Use SEO to get found online and generate more leads and customers for your business.
Our free SEO Kit gives you the tips and tricks you need to understand the search landscape, optimize your website, get found by qualified prospects, and convert higher percentages of them to leads and paying customers.
This SEO Kit contains the following:
Marketers and business owners with the best intentions may still be doing things like keyword spamming in the comments section of a popular websites, or even buying links to get some quick wins for their site. Avoid those unsavory methods altogether, and be vigilant about only investing in white hat tactics.
Yes, content creation and link building the right way takes time and effort, but that doesn't mean that time and effort isn't worth it. Consider the alternative: engaging in some not-so-great black hat SEO.
It's not uncommon for marketers to spend too much time focusing on making their websites look fancy -- who wants to look at some plain-looking site, right? While I love looking at a sexy site, as a user, I'd rather have access to one of the core component needed for great SEO: Quality content.
Why does quality content matter for your SEO? Because quality content gets shared. It gets linked to. It keeps people on your site longer. It keeps people coming back for more. And these are, conveniently, also the signs to search engines that your site is worth surfacing in their SERPs.
Even if you're new to SEO, you oughta know by now that Google recognizes sites that use keywords with care (meaning judiciously) above ones that jam-pack them into their pages (meaning ... well ... a lot more than judiciously). It's just not a wise decision for marketers to stuff as many keywords as possible in their content. There was a time when using many-a-keyword in your blog posts and landing pages was a big plus. Today, though, Google is all about getting high-quality, pertinent, and useful content to the tops of its search results pages.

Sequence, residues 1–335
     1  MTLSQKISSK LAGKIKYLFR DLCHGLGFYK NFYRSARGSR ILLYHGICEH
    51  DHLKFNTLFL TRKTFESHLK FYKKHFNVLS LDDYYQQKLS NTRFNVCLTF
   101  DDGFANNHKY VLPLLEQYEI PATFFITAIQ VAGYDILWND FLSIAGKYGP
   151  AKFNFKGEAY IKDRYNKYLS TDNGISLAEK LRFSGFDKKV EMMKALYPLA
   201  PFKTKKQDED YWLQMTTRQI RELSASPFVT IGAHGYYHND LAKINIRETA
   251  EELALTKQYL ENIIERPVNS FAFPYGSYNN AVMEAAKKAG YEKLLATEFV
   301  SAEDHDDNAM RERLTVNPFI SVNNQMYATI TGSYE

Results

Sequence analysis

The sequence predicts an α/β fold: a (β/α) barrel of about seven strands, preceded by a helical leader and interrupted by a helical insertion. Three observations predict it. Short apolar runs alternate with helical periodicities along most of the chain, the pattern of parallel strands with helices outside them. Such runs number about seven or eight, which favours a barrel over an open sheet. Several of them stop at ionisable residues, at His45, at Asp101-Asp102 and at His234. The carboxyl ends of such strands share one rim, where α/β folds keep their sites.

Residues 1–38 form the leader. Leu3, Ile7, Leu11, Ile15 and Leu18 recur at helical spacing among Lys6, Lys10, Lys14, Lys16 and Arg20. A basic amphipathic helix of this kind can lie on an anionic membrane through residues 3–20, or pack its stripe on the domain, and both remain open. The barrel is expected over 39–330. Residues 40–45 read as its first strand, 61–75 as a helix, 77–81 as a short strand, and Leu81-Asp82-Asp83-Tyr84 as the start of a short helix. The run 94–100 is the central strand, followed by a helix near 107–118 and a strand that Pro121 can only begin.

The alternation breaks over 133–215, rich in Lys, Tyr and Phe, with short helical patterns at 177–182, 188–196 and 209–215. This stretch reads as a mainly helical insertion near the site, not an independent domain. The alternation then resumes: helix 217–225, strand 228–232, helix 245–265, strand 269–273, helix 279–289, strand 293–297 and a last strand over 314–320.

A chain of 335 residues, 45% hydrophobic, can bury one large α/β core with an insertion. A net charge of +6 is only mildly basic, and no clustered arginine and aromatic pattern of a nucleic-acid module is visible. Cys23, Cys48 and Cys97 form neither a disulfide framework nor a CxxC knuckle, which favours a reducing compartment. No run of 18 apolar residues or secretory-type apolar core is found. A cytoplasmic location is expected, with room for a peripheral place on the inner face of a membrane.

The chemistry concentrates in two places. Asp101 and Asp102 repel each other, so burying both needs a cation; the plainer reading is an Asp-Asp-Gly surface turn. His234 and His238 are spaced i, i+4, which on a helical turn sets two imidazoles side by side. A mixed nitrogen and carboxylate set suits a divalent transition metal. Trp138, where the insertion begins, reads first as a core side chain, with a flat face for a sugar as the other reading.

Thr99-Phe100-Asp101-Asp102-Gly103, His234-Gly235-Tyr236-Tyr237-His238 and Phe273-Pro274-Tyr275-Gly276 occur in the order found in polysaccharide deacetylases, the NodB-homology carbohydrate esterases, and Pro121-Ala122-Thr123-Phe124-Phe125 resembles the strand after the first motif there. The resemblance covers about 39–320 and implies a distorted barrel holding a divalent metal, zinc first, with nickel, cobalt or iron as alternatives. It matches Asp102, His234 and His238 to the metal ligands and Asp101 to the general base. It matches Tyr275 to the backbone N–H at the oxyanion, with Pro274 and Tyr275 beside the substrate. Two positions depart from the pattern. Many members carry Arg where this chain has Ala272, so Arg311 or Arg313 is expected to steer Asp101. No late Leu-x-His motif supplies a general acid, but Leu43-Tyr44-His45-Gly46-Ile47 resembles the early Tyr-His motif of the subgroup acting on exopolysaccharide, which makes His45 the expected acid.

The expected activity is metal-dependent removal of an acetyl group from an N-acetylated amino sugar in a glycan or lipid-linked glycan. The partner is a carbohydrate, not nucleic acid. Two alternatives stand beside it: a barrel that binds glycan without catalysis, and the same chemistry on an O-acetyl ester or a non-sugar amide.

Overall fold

That's why it's more advantageous for marketers to stop obsessing over keywords, and instead, start thinking about topics. Topics are things readers might want to, well, read. Keywords are what search engines read. Think about content that's reader-friendly, and I think you'll find that the keywords (and search authority) will naturally follow.
A lot of marketers can get nervous about off-page optimization, because it feels totally out of their control. But there's plenty you can do that's within your control!
For instance, are you getting guest posts published to -- and building relationships with -- reputable sites? Are you posting regular and relevant content to your social channels that people will want to share? Are you investing in quality on-site content that people will want to link to, like seminal how-to guides or interesting thought leadership pieces?
The benefits you'll reap for having a comprehensive off-page SEO strategy -- even if it's not 100% in your control -- will reap considerable benefits for your overall SEO.
Social signals are only gaining in importance in Google's search algorithm, and it makes sense. Think about the old inbound link analogy -- it's like a vote for your content. Well, it's no different with social shares. The more someone shares your content on social media, the more votes it's getting in Google's eyes.
Falling behind on the algorithm updates can leave you inadvertently practicing some outdated SEO that, at its best, does nothing for you -- and at its worst, actively penalizes you.
More is better. Right? Not when it comes to SEO campaigns.
Do you really want to track the progress of, say, 200 keywords? And then try to fit them all into your 20 monthly blog posts? That seems a little aggressive -- and usually results in a lack of focus, and efforts spread too thin for any real impact.
Instead, focus your efforts on a smaller mix of keywords -- let's say 20 or so -- with a nice mix of head terms, long tail terms, and quick wins. It's a more sustainable way to approach SEO, and makes it more likely you'll actually see some success from all that hard work!
SEO stands for search engine optimization. It refers to techniques that help your website become more visible in organic search results for the people who are looking for your brand, product, or service via search engines like Google, Bing, and Yahoo.